One thing I do like about using the metric prefix is a particularly pressing problem. While it has been a real challenge to find NISQ algorithms that have “practical” (whatever that means5) an equally pressing problem is what sort of quantum algorithms will be achievable in the MISQ era. The place where we have the most confidence in the algorithmic advantage offered by quantum computers, simulation and experimental math algorithms (like factoring), lie above the GISQ and probably in the TISQ region. Roughly what we need are quantum algorithms that are linear time algorithms, so that for instances sizes becoming non-trivial (say a thousand), their total spacetime volume is a this size squared. And while there has been work on algorithms in this era, I would not say that we confidently have algorithms we know will be practically useful in MISQ. And this MISQ/GISQ gap is extremely scary!

So long live the NISQ era! And onward and up to MISQ and beyond!

  1. “Quantum Computing in the NISQ era and beyond”, Preskill arXiv/1801.00862 ↩︎
  2. “Bye NISQ. Hello LISQ?”, Simone Severini LinkedIn post ↩︎
  3. As an example “Phase transition in Random Circuit Sampling” by the Google group (of which I’m a member) shows a signal for circuits with 32 cycles and 67 qubits. arXiv/2304.11119 ↩︎
  4. A prominent benchmark is Quantum Volume, defined in “Validating quantum computers using randomized model circuits” by Cross, Bishop, Sheldon, Nation, and Gambetta arXiv/1811.12926. This is a fine benchmark modulo that because Executives at BigCo’s apparently can be fooled by log versus linear scale, they really should have taken the log of the quantity they use to define the Quantum Volume. ↩︎
  5. My own personal opinion is that current claims of “quantum utility” are an oversell, or what we nowadays call quantum hype, but that is a subject for a beer at a quantum beer night. ↩︎


“We are in a box,” says me.

“Do you see some radium hooked up to a crazy steampunk device with skulls and crossbones and yellow, definitely yellow, but maybe also neon green or wavey blue?” says Qubitslets.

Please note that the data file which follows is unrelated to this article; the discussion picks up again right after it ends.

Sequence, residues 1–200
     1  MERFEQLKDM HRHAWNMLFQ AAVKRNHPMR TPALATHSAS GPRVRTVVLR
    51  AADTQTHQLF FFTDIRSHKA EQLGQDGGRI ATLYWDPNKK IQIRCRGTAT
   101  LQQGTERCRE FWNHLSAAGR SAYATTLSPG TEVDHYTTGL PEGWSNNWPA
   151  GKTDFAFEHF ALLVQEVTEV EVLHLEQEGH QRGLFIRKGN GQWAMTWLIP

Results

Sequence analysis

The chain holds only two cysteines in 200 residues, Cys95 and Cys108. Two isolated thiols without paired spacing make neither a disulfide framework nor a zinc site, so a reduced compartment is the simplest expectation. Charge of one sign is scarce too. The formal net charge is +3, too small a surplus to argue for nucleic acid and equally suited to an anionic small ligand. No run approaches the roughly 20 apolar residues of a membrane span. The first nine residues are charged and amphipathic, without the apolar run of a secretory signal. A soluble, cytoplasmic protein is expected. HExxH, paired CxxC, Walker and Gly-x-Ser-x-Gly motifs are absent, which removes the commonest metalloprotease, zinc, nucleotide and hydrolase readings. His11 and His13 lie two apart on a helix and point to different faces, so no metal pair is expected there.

“No I think we put ourselves in the box,” says me. “I don’t see any radium.”

“Maybe we’re in that branch of the wave function where we’ve transmogrified ourselves into a simulation. And we’re in a box because those post capitalists are too damn cheap to simulate us outside of a small goddamn box. Just like new Seattle townhouses. We’re in the cheap Android version of a tech bros afterlife. Do you see brass?”

“No brass,” says me, “but there is something growing in the corner.”

“A tunnel?” asks Qubitslets, “Remember that tunnel we were digging to the moon? I’ve been thinking about the replica symmetry breaking structure of our many tunnel passages to the moon. Maybe we should leverage quantum effects? Jesus, did I just say that? Have I been infected with Goldman Socks ibank spin 3/2s disease? At least I’m a fermion I guess. Not like those collective Marxist bosons over at Google Vultures.”

“I will remind you of the last time we used quantum effects,” says me. “We ended up changing the vacuum state from suck to blow. Luckily it was an unstable equilibrium, and because we are particle theorists and not cosmologists, we didn’t have to think ‘equilibrium of the Higgs-Anderson-Goldstone field with respect to what?’, so the universe just relaxed back to its current vacuum. I sure do miss the werewolves from that old vacuum, though. No, the thing growing in the corner is in a jar.”

“Crap”, says Qubitslets, “we’ve been quarantined!”

Suddenly the Medium Cryostat materializes from The Void. “There is no virus and if there were viruses they would be foreign viruses with foreign RNA and a sheath of foreignness so tricky in its conformal structure we would need a wall to stop it. Because there is no virus, which there certainly isn’t, we must build walls around us and between us and under us. The Great Walling must begin. And we must stay behind our walls and only go out to visit our grandma if she is in a nursing home but we can only do that if we test grandma for foreign viruses, which don’t exist, and, of course we must stay six feet from any particle in the universe. A foreign virus has a Compton wavelength of six feet, I am told.”

“In light of us not being afraid of viruses, because they don’t exist, we will need to plan for how The Great Economy can survive the foreign viruses, if they existed. Stock buybacks were insurance claims for the future antibodies the corporations of The Great Economy would need during The Great Walling, so we should cash out their claims. Because of the uniform structure of economic strata across our Great County, we can use the base minimum wage to pay the minimum required to sustain minimal substance for those impacted by the viruses. If the viruses existed.”